A few weeks ago, I gave a talk at the Multifamily Social Media Summit in Napa, CA. It was my second consecutive year attending the event, and I wanted to give the audience something fresh — my talk was going to be about Facebook Messenger.
A few days before the talk, a member of the HubSpot Academy team asked me if I would be using Messenger to educate the audience on Messenger (very meta — I know). I surprisingly hadn’t thought much about it, but since our Academy team is full of smart people who know a thing or two about teaching, I decided they were probably onto something.
So, on the six hour plane ride from Boston to San Francisco, I built a Messenger bot to use during my presentation
Setting Goals: Why Do I Need a Bot During My Presentation?
I started by setting a few goals to ensure my bot would truly serve the objectives of my presentation. Here’s the list of things I decided my bot needed to accomplish:
- Teach the audience about Messenger: The core purpose of my presentation was to educate the audience about Messenger. If my bot wasn’t going to help reach this goal, then there was no reason it create it.
- Engage the audience during the presentation: The bot couldn’t make the presentation more complicated or challenging to follow. It had to contribute to a better audience experience overall.
- Collect NPS after the event: The bot needed to enable audience members to share feedback on the presentation in a fast, friendly, and ultimately simple way.
- Share slides with attendees after the event: Tracking down a speaker to get their slides after a presentation sucks. The bot had to make this experience easier for everyone involved.
- Drive traffic to my personal pages to connect with the audience after the event: The bot had to encourage users to continue the conversation with me.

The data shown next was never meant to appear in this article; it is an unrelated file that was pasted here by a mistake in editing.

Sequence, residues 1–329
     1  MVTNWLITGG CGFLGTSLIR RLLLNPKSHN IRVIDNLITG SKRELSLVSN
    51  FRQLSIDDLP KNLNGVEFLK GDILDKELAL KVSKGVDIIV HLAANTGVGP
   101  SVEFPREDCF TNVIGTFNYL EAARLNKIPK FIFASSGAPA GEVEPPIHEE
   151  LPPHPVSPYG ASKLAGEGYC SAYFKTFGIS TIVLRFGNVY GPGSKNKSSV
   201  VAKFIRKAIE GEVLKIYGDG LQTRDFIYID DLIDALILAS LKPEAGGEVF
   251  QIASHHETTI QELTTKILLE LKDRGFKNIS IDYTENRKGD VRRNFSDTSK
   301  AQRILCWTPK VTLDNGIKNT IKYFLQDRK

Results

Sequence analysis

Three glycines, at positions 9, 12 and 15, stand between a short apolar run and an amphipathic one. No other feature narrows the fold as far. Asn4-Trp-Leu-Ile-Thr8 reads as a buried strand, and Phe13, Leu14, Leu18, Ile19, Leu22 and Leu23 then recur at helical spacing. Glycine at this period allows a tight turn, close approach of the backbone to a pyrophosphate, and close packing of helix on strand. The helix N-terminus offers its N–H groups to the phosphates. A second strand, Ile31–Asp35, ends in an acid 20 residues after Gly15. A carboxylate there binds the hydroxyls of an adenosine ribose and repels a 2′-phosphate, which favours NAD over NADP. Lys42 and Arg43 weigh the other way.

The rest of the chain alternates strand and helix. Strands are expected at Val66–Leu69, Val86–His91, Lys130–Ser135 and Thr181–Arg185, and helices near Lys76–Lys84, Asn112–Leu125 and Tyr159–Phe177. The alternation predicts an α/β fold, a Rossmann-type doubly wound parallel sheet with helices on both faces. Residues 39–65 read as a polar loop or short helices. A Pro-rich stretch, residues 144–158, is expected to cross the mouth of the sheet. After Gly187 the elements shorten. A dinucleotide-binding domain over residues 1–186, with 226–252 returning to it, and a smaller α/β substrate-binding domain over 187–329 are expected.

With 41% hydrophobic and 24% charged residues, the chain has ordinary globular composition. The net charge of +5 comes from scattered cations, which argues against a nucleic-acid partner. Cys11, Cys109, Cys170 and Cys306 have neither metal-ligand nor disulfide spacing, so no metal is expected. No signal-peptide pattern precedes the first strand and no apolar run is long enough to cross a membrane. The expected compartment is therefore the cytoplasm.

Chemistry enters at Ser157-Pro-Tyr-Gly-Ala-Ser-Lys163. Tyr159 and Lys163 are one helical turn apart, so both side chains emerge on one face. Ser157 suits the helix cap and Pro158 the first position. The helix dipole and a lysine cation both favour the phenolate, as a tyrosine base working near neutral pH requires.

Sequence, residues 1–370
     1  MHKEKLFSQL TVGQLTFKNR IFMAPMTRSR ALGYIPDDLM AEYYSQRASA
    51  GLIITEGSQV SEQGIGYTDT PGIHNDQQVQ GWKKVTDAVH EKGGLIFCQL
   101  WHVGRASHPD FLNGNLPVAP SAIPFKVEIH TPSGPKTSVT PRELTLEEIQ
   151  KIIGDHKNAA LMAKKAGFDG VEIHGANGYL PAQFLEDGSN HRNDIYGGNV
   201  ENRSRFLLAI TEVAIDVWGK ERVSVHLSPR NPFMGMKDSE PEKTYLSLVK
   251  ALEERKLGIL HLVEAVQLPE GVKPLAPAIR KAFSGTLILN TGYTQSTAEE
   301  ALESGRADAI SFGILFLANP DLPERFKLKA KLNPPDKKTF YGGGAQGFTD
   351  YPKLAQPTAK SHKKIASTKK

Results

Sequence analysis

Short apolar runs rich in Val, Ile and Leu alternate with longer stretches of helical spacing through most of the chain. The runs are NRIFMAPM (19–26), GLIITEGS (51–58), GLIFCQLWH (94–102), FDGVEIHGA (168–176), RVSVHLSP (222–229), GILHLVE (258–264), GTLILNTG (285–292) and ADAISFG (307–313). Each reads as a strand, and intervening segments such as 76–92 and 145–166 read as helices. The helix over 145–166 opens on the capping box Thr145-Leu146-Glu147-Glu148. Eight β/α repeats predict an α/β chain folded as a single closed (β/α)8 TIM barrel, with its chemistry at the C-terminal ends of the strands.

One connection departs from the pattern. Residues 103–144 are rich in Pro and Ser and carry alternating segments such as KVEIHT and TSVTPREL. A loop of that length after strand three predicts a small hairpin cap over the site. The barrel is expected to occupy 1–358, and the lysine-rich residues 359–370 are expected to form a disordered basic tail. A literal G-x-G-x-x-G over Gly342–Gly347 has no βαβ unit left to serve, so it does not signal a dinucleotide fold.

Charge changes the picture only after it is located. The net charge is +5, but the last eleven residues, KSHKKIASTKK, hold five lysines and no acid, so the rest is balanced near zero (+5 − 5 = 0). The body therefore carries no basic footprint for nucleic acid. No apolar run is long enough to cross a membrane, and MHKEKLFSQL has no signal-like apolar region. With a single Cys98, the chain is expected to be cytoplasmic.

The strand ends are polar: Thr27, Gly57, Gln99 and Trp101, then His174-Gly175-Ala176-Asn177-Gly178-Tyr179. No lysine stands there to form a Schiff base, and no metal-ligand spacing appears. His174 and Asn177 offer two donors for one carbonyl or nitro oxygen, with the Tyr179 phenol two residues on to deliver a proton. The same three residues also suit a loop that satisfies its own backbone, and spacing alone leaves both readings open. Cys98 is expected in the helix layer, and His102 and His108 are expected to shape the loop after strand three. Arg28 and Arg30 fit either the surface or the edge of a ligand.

Once I had the goals and function of the bot firmly established, it was time to build.
Creating and Unleashing the Bot
The first thing I did was build a temporary Facebook page to connect Messenger for the event.
Then, I developed a custom QR code with the event logo for audience members to enter the bot experience.
This is no longer active, FYI.
This QR code was tied to a sequence designed specifically to accomplish my goals for the event.
The first message in the sequence welcomed users into the bot and allowed me to understand the audience’s familiarity with the subject before my presentation.
This gave me a good idea of how I’d need to adapt my presentation to meet my audience’s expertise level and expectations.
About 20 minutes into my talk, I sent another quick message asking for audience questions. Instead of waiting for a prompt at the end of the session when time was running short, the bot enabled audience members to ask questions without needing the floor. It also helped me plan the rest of my talk accordingly.
Once the talk ended, it was time for NPS. I set the bot up to send this 20 minutes after my scheduled talk. The results were great:
Two days after the event ended, I sent the slides to everyone who opted in to my Messenger bot.
And finally, for some icing on the cake, I set up a persistent menu that would allow the audience to connect with me on Twitter and Medium. Oh, I also linked them to get a free HubSpot CRM, too.
Did People Actually Use the Bot?
The results of this mini experiment were great. Here are some quick hits:
- 70 people opted in to the bot, ~50% of the audience members in attendance
- 51% of people responded to the NPS
- 100% of NPS respondents were promoters (woo!)
- Messages sent during the event had open rates of
98.5%, 96.9%, 93.8%, and 93.9% (not too shabby)
- 85% of attendees opened the broadcast message 2 days after the event which included slides from the event
- 25 people clicked to follow me on Twitter, 11 on Medium, and 5 clicked to get their free HubSpot CRM
As you can see, the numbers really speak for themselves.
By using Messenger before, during, and after my talk , I was able to effectively engage the audience and create a lasting, personal connection. Additionally, due to the topic itself being Messenger, I was able to educate the audience on the channel’s capabilities with tangible examples.
If you’re a public speaker, I honestly cannot imagine a reason not to be using Messenger before, during, and after your talks — even if you aren’t discussing Messenger.
The potential of the channel is unmatched. And, if you’re a speaker talking about Messenger, you can’t afford to miss this opportunity!